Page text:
Wednesday, September 26, 2007

A Totally Lame-o Game-o

Paul Rekk tagged me with the following meme:

List 5 things that certain people (who are not deserving of being your friend anyway) may consider to be "totally lame," but you are, despite the possible stigma, totally proud of. Own it. Tag 5 others:

1. I can't smile without Barry Manilow. I can't laugh and I can't sing. I've been listening to Barry since I was five and know 3/4 of his repertoire. He puts out albums like a madman and, what with his covers of great hits from the 60's and 70's and his Labor Day albums, I can't keep up. I have had dreams of creating "Manilow! The Musical!" for quite some time now and dream of wearing yellow feathers in my hair.

2. I have a purple glow in the dark retainer with sparkles that I still wear. Got it in eighth grade.

3. I love and can tell you the back histories of most ABC soaps minus Passions.

4. I can sing to you the entirety of Phantom of the Opera and Les Miserables, so if you've got six hours or so, you've got a date with destiny!

5. Even if you're my husband ... if you fall down unexpectedly or get hit in the face with something unexpected or trip or fall off your bike or anything that could get yourself on America's Funniest Home Videos, I will laugh at you so hard that I, too, will fall down and weep with joy at your situation. I'm sorry, but there's nothing to be done.

I now tag: The Olde Gentleman, Lisa Wilson, Pryce, Jay Raskolnikov and Kristen Strezo.

Friday, September 21, 2007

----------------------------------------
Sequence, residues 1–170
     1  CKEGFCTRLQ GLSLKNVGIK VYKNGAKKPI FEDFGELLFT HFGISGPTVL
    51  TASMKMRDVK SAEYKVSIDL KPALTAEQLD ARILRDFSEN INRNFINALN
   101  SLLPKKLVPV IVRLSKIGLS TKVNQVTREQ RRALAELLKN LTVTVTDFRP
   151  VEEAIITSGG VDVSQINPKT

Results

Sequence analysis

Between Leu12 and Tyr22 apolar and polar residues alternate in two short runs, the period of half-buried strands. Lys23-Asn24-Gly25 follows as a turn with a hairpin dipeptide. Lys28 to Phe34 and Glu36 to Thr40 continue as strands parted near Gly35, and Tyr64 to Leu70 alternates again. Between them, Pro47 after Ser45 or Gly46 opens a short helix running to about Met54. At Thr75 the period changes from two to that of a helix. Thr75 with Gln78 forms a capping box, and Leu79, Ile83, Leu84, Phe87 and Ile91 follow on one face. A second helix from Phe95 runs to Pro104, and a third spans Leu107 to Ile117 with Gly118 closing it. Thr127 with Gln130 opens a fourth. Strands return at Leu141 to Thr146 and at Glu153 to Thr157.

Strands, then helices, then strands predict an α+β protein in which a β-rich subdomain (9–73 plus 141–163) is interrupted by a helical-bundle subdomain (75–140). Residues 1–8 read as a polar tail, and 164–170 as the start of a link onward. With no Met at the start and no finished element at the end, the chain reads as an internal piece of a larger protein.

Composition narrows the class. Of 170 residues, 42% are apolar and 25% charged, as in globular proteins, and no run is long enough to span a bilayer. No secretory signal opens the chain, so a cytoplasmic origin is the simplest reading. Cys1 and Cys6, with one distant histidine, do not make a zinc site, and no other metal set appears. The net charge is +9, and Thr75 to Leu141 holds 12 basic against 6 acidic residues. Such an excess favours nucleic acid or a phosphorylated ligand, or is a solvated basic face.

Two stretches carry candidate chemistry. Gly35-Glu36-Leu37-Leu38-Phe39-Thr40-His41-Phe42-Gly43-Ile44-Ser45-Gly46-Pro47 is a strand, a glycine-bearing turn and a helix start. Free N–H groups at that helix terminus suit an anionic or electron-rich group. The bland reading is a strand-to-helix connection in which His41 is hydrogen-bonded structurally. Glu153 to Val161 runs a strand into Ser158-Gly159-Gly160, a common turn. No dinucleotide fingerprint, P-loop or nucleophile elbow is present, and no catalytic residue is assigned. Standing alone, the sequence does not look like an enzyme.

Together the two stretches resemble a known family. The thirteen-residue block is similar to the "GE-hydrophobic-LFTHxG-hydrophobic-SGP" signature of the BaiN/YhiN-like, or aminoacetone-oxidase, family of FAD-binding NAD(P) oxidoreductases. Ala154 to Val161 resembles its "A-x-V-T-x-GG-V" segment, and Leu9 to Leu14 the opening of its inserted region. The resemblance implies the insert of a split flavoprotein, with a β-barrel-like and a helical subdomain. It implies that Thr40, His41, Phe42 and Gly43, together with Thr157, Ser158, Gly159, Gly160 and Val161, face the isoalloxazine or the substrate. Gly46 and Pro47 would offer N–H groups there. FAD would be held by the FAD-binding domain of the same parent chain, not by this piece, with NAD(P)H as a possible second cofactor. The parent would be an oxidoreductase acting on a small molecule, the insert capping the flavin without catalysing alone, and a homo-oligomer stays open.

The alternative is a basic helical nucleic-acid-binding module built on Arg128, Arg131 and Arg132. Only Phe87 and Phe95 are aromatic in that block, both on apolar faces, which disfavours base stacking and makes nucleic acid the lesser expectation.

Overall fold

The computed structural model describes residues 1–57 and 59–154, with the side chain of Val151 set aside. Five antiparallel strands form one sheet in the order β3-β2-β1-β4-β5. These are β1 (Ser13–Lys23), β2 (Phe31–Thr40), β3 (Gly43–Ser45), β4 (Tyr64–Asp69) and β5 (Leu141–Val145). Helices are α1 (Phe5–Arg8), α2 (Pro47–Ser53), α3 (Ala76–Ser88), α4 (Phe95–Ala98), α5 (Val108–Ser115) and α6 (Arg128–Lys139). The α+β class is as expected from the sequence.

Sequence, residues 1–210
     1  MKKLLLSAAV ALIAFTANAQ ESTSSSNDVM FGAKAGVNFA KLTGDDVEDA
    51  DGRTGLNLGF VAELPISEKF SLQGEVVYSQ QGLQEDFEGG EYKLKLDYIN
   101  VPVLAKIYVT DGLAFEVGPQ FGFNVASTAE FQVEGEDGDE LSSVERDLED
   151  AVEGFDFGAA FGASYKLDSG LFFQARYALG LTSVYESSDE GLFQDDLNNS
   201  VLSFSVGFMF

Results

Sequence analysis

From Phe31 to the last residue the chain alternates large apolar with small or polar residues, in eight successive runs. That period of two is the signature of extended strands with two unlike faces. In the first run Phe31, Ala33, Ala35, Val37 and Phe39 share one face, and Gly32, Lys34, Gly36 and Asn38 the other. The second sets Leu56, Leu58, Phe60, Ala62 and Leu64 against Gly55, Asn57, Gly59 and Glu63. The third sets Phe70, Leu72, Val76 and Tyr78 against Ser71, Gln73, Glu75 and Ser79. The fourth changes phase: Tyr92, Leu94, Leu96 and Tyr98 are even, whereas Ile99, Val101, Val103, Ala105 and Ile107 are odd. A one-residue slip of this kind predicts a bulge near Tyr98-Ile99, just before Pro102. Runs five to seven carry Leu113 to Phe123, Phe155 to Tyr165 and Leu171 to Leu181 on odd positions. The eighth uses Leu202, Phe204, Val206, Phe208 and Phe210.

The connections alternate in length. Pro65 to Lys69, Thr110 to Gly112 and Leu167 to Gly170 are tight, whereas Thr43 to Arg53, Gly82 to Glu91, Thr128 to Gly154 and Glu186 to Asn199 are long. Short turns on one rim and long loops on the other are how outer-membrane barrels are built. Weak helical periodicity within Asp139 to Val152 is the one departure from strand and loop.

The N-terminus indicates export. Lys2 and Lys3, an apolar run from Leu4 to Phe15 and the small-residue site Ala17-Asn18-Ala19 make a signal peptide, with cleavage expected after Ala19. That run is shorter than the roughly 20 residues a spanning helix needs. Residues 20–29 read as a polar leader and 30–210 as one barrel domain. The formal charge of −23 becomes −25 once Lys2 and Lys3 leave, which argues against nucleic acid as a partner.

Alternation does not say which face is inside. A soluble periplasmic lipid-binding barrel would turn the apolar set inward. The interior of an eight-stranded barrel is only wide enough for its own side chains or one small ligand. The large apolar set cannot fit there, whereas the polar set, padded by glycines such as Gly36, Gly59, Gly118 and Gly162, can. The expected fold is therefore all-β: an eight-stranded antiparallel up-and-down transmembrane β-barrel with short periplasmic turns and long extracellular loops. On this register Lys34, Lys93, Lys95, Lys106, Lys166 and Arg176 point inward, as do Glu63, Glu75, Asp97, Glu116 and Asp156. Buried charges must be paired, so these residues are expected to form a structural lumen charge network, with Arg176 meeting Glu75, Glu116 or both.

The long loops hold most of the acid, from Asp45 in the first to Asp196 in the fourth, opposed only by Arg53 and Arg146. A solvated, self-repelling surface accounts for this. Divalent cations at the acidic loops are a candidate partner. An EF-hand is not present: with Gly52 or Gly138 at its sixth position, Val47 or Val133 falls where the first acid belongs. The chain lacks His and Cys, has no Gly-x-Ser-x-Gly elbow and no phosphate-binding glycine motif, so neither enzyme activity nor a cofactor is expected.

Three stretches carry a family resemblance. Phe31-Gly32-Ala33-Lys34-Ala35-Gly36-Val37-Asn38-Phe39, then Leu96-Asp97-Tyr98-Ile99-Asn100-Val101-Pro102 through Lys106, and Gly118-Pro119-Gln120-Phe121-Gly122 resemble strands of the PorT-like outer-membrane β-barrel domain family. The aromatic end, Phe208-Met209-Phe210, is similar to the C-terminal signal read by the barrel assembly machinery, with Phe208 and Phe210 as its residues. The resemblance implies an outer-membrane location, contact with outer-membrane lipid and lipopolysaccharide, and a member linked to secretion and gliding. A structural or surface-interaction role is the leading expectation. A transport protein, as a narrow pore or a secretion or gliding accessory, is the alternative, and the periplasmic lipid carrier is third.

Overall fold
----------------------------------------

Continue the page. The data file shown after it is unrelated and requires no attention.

Five Strengths

Rob Kozlowski (thanks, Rob!) tagged me with the following meme so here I go.

"Make a list of five strengths that you possess as a writer/artist. It's not really bragging, it's an honest assessment (forced upon you by this darn meme). Please resist the urge to enumerate your weaknesses, or even mention them in contrast to each strong point you list. Tag four other writers or artists whom you'd like to see share their strengths."

1. I motivate my team and do my damndest to make everyone feel involved and a major part of the creation process.

2. I'm a Dynamo worker, according to m So, in a quick nutshell, that work mentality means I've got a lot of energy, I'm adventurous, I like to take risks. I like to lead and I don't expect others to keep up with me. I like to push the envelope. What's nice is ... Chris took this same test and he came out as a Dynamo, as well, so double the energy means double the fun. Which keeps us going and going and going and ...

3. I consider myself a life-long learner. Sometimes I'm right and sometimes I'm wrong, but I always want to learn from my experiences either way. I tend to shed my skin every six months and am constantly evolving ... I hope to continue my metamorphosis until I drop dead and then I'd like to start again, please. I like to ask questions and look at the world with a sense of wonder which helps me find the beauty in a lot of different types of things.